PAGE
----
Will: Government Shouldn’t Interfere — Except to Benefit Big Highways

Conservative columnist George Will’s angry screed
against the Obama administration’s transportation policy is worth
digging into this morning — not just to bring one’s blood to a healthy
boil, but also to provide a window on the lack of coherent opposition
to expanding transit options and diminishing auto dependence.

MUG_GeorgeWill_thumb7.jpgGeorge Will (Photo by newsweek.com)

Will
writes of his horror at discovering that Transportation Secretary Ray
LaHood, a fellow Republican, is committed to giving Americans the
choice of commuting by bike or train:

[LaHood]
knows what plays in Peoria, and not just figuratively: He is from
there. Peoria is a meatloaf, macaroni-and-cheese, down-to-earth place,
home of Caterpillar, the maker of earthmoving machines for building
roads, runways, dams and things.

LaHood, however, has been transformed. He says he has
joined a "transformational" administration: "I think we can change
people’s behavior." Government "promoted driving" by
building the Interstate Highway System—"you talk about changing
behavior." He says, "People are getting out of their cars, they are
biking to work." High-speed intercity rail, such as the proposed bullet
train connecting Los Angeles and San Francisco, is "the wave of the
future." And then, predictably, comes the P word: Look, he says, at
Portland, Ore.

Will
depicts LaHood as a traitor for daring to believe that "0.01 percent of
Americans will ever regularly bike to to work" (actually, George, the real percentage
of bike commuters is more than 100 times that) and that inter-city rail
is possible for cities more than 300 miles apart (er, the Midwest Regional Rail Initiative has mapped out a 10-state rail network with a 400-mile reach).

The
saddest aspect of Will’s critique, however, isn’t his lashing out at
LaHood. He willfully ignores the fact that the highway industry
benefits from unprecedented government intervention and an uneven
playing field that discourages transit projects while subsidizing
roads.

The Witherspoon Institute explored this theme last month in an essay that asked conservatives to re-think their longtime resistance to transit. Even the right-leaning Free Congress Foundation has done the legwork to
show that transit powerfully expands individual freedom — a central
tenet of the brand of conservatism that Will espouses. One wonders why he can recognize
government intervention on behalf of domestic automakers but ignore the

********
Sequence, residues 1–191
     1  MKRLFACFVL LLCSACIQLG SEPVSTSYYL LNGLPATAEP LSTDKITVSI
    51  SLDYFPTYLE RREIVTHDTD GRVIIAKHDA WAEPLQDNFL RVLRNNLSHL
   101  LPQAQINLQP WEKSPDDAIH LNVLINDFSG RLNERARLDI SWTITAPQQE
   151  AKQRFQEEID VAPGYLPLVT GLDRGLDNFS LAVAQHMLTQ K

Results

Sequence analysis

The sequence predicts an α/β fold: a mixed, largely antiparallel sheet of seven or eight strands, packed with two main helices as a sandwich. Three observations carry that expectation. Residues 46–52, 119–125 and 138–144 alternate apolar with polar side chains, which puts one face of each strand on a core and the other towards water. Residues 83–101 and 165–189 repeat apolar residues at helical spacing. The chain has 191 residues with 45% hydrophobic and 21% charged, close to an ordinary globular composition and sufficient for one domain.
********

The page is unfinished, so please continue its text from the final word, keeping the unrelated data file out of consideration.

same gesture when it’s made on behalf of the road lobby.

It seems that Will would rather complain about Lyndon Johnson’s 45-year-old Great Society,
which brought us Medicare and Medicaid, than consider an America where
technology can be harnessed to improve both our health and our
planet’s. But there’s an upside: If Will’s arguments are a preview of
future congressional opposition to expanding transit, high-speed rail
is headed for victory.

  • You see when a conservative pundit love a Honda we get stuck with the ouchies children.

  • marcos

    Will was the snake who helped brief Ronald Reagan on the contents of Jimmy Carter’s debate notebooks which were stolen by Reagan’s campaign in 1980.

    I think the more radical one’s writing is, the more incumbent it is upon one to do all the more and frequent reality checks. Comfort, convenience and access to power dull this reflex and this is evident in the Obama era ravings of the right wing kooks such as Will.

    Will has his, having been maidservant to the receding conservative economic and social wave, so he no longer really feels checks from the market place as his glib politics of expedience and convenience runs off its own rails. No matter how bizarre these mass media people get, they’ve still got roofs over their heads, get fed and have health care no matter what from the residuals.

    Conservative economic scripture has been revealed as heresy, Christian sharia shown fraudulent and the talking heads who have feasted on this brew for three decades are demagnetized, disoriented and flailing wildly.

    -marc

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